- – - – - – -
Daniel Heyman
Summary: household level solar distribution company for West Africa, starting in Sierra Leone.

Method: we will bring existing technologies that couple solar with mobile technology to remote control electricity flow from East Africa to West Africa. This creates an enforcement mechanism for asset financing.

Recruitment: anyone interested! Electric engineers!
- – - – - – - -
Caroline Howe
Team Name: NewCycle

Project Summary: Creating low-cost equipment to turn non-recyclable waste into building materials for low income communities in the global south

Recruiting Needs: MechE and Building Technology students, business students, and those working on development

- – - – - – -
### END ####

Changing attitudes about recycling in Lagos

In August, after months of market research, partnership development, fundraising, and planning, the Wecyclers team left Cambridge for Lagos, Nigeria. We want to improve urban environments in low-income areas by empowering communities to tackle the problem of unmanaged waste. Our solution is to offer convenient recycling services paired with a rewards program. We knew that seeing our program in action in Lagos would be a true test. We were ready to send collection bikes out into the community to collect materials and reward redeemable points. But we wondered, exactly how would households react to us. Would the excitement that we heard in early customer interviews translate into practice?

Our first collection bike in action.

Our first day of collection was August 24th, 2012.  To prepare for this day, we held a community recycling awareness day in partnership with the city government’s waste management agency, we did outreach in the neighborhoods, and we held mini-workshops to describe exactly how the collection program would work. We had signed up 107 interested households who agreed to start separating their recyclables for us. Still, on that first day, we weren’t quite sure what to expect. We ended up collecting 32 kgs of plastic and aluminum from 16 different houses and the excitement we had hoped to find was clearly there. After all the talk, people were delighted to see that our collection bikes actually existed. And not only that, people were amazed to find that they did receive SMS texts with their rewards points within 24 hours after their recycling pick-up. We were starting to gain traction.

And our momentum has only grown since that first day. Everyday we sign-up new households and we’re collecting more material each week. Our average collection is now over 100kgs per day. We’ve hired three local staff members and we’re building trusted relationships in the communities where we work.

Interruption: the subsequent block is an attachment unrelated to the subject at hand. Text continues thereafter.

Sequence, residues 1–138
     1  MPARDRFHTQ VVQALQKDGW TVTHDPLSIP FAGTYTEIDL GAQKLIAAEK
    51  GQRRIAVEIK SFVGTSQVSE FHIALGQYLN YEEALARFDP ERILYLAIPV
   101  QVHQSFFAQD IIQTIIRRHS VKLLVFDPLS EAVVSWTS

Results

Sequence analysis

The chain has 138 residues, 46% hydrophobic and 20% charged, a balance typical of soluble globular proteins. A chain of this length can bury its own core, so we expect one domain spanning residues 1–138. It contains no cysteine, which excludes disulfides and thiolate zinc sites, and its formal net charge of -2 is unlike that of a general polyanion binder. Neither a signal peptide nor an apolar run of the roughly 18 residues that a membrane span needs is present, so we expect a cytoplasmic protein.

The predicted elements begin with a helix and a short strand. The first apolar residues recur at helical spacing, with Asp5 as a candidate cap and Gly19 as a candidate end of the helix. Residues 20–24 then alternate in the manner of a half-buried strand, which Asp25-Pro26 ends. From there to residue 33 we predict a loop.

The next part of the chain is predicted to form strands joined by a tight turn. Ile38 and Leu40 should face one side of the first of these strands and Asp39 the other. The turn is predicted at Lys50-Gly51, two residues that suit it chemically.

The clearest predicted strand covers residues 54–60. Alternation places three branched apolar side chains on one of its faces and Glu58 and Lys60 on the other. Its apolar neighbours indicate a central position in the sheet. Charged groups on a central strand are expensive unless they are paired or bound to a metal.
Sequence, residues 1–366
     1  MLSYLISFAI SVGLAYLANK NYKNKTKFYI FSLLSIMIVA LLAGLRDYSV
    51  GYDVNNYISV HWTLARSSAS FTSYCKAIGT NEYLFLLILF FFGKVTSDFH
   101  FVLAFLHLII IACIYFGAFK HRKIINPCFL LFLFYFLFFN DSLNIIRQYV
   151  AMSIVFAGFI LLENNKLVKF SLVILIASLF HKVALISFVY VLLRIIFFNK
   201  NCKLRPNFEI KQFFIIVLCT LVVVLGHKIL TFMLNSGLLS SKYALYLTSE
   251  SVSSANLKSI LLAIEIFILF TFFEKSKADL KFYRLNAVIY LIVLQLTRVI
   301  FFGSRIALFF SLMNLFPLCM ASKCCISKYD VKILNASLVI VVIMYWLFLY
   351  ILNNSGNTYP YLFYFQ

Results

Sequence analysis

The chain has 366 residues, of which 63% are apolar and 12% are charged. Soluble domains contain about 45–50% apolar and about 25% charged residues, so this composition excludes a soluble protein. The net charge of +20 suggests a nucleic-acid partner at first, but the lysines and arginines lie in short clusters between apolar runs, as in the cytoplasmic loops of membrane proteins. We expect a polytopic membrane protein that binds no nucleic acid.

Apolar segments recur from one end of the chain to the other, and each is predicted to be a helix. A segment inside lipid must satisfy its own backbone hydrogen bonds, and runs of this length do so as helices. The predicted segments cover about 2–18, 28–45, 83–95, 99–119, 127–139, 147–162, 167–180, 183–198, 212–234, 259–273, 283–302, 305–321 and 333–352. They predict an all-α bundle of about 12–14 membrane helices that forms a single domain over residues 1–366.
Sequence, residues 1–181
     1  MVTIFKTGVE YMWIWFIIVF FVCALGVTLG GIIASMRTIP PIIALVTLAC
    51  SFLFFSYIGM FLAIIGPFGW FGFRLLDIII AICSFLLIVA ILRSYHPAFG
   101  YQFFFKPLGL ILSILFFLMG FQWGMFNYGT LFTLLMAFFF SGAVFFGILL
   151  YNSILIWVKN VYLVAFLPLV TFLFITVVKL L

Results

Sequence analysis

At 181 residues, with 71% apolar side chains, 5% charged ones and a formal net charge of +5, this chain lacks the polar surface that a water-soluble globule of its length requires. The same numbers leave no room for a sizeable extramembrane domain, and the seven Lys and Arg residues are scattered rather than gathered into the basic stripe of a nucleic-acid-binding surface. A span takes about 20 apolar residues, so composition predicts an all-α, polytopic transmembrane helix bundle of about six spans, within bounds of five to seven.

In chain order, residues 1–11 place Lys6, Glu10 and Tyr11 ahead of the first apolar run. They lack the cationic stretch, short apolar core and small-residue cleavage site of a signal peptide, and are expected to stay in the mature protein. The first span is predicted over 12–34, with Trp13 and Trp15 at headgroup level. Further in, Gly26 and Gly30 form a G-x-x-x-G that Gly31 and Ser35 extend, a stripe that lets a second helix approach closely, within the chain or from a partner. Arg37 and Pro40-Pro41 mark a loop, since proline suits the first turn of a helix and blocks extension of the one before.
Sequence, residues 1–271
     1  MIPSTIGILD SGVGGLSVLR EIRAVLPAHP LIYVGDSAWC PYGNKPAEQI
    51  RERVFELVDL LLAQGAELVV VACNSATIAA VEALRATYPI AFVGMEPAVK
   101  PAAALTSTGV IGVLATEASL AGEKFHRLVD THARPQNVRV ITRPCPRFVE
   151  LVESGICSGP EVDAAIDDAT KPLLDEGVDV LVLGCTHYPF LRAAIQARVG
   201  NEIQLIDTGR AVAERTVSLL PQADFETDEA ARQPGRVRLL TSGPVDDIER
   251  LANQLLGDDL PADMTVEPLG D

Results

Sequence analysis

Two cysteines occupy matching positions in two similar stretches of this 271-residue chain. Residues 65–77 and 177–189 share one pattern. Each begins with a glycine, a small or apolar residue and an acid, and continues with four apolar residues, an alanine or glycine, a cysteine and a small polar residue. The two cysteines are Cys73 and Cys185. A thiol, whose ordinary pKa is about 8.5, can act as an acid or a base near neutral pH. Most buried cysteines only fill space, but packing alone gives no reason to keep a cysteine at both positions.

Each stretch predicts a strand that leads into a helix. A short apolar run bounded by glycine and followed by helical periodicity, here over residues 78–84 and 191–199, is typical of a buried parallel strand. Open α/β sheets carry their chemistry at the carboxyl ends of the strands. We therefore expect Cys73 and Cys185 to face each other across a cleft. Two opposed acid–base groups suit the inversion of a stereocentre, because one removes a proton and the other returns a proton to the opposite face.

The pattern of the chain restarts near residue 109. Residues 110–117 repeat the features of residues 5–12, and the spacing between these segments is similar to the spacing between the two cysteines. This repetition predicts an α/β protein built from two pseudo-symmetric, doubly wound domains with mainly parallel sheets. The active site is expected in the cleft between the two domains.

Wecyclers subscribers showing their recyclable materials.

The most rewarding aspect of this work though, is seeing the true change in people’s perspectives and behavior around waste, especially among the youth. Parents have told us about how their kids are vigilant about separating out their recycling at home. One 12-year old boy always has his eye-out for recyclable materials, even in unlikely situations. One day, his family held a graduation party for him and after the formalities were finished, instead of dancing or chatting with his friends, he went around from table to table to collect the empty plastic bottles so that he could recycle them with Wecyclers. Another 8-year old girl has led her family to be one of the highest Wecyclers points earners in our network. Seeing that level of engagement motivates us to keep expanding our fleet of bikes so that we can continue to expand the households we serve.


By Alex Fallon with Wecyclers.

Lemelson-MIT Award For Global Innovation

Masters Class Taught By UC Berkeley Professor, Ashok Gadgil: June 21st 2012

“Technology Innovations for the poorest 2 Billion On The Planet”

Professor Gadgil spoke in front of a mixed audience in the Ray and Maria Stata Center this morning. Gadgil, a world-renowned inventor, professor, and scientist received the 2012 Lemelson-MIT Award for Global Innovation. This $100,000 award recognizes individuals whose technological innovations improve the lives of impoverished people in the developing world.

Gadgil has been involved with numerous projects and inventions throughout his career, but he chose to focus on his most recent: Electro-Chemical Arsenic Remediation (ECAR). Which is a technology designed to reduce the Arsenic levels of groundwater in undeveloped countries, by removing Arsenic at the molecular level through a chemical reaction that attaches the Arsenic particles to particles of Iron and then filtering them out as a compound.

Arsenic poisoning has been called “the largest mass poisoning in the history of mankind” by the World Health Organization, and is a serious problem throughout the globe, but especially in the developing world.